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West Virginia trH3N2 Cluster Raises Detection Concens
Recombinomics Commentary 21:00
December 21, 2011

The confirmation of the trH3N2 cluster was expected because the second case was epidemiologically linked to the confirmed case, A/West Virginia/06/2011, and the sample gave a weak influenza A signal.  Consequently, it was originally listed as influenza A.  Today the designation was changed to trH3N2 because of confirmation by the CDC, which will be described in the week 50 FluView.  However, the absence of an epidemiological link would have probably led to a designation as a seasonal H3 or an inconclusive/negative.

The data in West Virginia was remarkably similar to the results in Maine.  One case, A/Maine/06/2011, was H3N2pdm11was collected in week 41 and quickly confirmed, in part due to activity for the H1N1pdm09 NP PCR target.  However, the second case in Maine, A/Maine/07/2011, had a low level or RNA leading to an H3 weak positive, and a negative for the NP target.  Thus, it would have also been classified as seasonal H3 without the swine exposure designation and attendance at the same Fryeburg fair as the first case.  However, the fair and associated pig scramble were two week prior to disease onset, and therefore not related to the H3N2pdm11 infection, and the close sequence relationship between the two Maine isolates strongly suggest this virus was transmitting human to human in Maine (where no SOIV’s have been reported in swine).
Thus, the second case in both states was identified as novel by CDC sequencing, not PCR testing, and highlights the need for aggressive surveillance, since both states have each only reported two influenza cases in the 2011/2012 season, and all four case were novel.  The two cases in West Virginia were epidemiologically linked, and not linked to swine, representing the first report of cluster involving distinct trH3N2 constellations, which are in addition to the trH1N2 case, A/Minnesota/19/2011, in Minnesota, which was a suspect cluster linked to a symptomatic but untested contact due to delays associated with routine testing of an isolate.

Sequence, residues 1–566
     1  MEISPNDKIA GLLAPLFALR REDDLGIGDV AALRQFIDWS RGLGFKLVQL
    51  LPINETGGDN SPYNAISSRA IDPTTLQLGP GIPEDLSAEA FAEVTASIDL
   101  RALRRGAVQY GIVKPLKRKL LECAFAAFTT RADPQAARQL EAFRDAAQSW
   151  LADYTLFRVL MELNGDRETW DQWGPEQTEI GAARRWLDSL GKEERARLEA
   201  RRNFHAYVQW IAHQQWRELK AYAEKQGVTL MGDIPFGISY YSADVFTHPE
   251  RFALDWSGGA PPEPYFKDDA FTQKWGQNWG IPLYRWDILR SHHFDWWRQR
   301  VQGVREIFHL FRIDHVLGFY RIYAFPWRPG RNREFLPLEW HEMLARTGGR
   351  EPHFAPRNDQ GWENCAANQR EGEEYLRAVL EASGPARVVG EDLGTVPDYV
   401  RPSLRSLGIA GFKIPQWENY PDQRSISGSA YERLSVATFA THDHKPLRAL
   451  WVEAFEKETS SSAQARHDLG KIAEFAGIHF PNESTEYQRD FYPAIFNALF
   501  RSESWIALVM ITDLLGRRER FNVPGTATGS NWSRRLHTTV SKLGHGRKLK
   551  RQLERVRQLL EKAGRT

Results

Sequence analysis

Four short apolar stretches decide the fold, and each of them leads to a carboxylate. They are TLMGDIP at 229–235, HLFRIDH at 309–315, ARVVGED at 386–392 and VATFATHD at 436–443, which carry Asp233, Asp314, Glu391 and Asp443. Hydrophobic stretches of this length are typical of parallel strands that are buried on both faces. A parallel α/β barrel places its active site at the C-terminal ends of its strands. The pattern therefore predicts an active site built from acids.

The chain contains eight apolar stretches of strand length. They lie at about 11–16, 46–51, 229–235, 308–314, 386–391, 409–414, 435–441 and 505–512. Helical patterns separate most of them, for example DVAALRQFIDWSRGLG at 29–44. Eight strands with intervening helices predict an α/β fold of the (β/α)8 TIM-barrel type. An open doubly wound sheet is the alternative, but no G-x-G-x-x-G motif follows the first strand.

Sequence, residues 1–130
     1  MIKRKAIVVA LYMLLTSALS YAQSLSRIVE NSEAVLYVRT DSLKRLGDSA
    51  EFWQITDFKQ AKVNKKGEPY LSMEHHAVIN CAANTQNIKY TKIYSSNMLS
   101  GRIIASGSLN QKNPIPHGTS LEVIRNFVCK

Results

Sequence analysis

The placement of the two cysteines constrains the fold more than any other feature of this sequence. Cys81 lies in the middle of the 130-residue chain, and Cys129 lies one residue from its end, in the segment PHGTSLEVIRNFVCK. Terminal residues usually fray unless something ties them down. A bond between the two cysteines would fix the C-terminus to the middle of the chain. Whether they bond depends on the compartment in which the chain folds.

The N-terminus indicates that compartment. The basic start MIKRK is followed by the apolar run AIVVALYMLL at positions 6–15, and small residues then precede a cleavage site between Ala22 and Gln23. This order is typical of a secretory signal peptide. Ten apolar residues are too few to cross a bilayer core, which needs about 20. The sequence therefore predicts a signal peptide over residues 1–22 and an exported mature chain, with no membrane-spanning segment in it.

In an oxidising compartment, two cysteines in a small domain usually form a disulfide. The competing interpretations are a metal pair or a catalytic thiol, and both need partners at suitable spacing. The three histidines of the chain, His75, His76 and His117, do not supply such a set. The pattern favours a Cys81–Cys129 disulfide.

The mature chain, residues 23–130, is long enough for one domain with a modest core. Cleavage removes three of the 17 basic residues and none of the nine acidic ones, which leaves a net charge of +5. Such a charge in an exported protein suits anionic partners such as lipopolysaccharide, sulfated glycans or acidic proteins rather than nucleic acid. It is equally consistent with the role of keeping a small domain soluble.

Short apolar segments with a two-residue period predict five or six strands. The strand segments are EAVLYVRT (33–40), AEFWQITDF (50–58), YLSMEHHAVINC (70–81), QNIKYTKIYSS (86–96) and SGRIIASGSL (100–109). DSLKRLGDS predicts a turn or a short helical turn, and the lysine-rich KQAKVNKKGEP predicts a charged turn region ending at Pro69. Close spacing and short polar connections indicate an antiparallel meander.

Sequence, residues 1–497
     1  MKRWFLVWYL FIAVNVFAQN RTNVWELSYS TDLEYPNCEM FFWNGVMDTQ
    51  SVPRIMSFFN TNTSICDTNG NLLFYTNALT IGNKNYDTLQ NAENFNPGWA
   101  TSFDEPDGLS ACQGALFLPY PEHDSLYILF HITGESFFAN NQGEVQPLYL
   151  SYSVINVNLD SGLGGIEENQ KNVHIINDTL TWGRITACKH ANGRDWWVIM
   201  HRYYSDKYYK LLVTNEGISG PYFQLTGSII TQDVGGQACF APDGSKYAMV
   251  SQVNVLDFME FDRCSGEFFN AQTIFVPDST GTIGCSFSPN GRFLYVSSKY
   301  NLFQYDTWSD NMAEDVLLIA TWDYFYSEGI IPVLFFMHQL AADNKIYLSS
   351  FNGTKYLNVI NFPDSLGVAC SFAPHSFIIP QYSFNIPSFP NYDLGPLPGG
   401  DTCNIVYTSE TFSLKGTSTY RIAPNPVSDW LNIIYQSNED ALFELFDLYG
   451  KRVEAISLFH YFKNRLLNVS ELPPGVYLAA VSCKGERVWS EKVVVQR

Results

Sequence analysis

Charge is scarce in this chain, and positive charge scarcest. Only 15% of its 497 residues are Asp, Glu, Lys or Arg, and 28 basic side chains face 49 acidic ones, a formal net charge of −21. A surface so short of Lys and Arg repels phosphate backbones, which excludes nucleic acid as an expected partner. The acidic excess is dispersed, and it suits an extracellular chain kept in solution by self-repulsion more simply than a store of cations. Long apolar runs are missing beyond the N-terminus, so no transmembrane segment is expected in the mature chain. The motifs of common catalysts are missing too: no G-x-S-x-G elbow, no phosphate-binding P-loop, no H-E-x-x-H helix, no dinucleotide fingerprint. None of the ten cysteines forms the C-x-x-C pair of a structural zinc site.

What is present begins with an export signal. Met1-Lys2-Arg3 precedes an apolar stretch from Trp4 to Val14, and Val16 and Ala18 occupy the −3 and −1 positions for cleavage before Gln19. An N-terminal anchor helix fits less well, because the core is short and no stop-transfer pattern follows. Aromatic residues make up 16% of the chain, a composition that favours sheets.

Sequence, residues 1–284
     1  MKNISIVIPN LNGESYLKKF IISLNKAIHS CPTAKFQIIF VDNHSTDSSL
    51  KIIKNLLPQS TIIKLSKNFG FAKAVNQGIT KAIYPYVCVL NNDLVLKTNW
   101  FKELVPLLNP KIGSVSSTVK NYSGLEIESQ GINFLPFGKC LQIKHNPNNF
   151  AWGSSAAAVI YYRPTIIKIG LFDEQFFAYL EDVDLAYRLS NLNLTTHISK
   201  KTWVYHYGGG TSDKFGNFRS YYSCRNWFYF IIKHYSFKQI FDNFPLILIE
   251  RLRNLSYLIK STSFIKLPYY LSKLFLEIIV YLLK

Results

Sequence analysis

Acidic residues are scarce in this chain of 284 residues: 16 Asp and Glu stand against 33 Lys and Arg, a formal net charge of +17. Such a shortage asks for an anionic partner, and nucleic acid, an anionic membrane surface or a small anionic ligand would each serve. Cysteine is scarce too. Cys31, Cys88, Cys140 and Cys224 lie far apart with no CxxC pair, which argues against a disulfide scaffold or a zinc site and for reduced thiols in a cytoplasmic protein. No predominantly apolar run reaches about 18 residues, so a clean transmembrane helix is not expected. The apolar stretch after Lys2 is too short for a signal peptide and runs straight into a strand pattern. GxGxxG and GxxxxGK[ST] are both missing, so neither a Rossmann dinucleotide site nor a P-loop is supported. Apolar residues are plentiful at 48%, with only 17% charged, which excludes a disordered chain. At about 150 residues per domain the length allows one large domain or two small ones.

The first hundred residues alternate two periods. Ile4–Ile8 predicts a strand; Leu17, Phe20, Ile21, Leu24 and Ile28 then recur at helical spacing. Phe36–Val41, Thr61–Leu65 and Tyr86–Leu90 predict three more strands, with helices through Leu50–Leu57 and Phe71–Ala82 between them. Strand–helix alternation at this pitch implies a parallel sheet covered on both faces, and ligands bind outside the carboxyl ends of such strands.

Thus, the three clusters, couple with the weak signals for the second case in Maine and West Virginia, highlight the need for enhanced surveillance and aggressive sequencing, especially in samples that produce weak signals, in part because the PCR testing is indirect since the targets are not from trH3N2 or trH1N2 sequences.

Both the CDC and WHO have requested an increase in surveillance and recommended testing at regional influenza centers, but the significance of three confirmed or suspect clusters involving three distinct constellations of triple reassortant genes, has been largely lost on the public, due in part to prior attempts to link these cases to swine.

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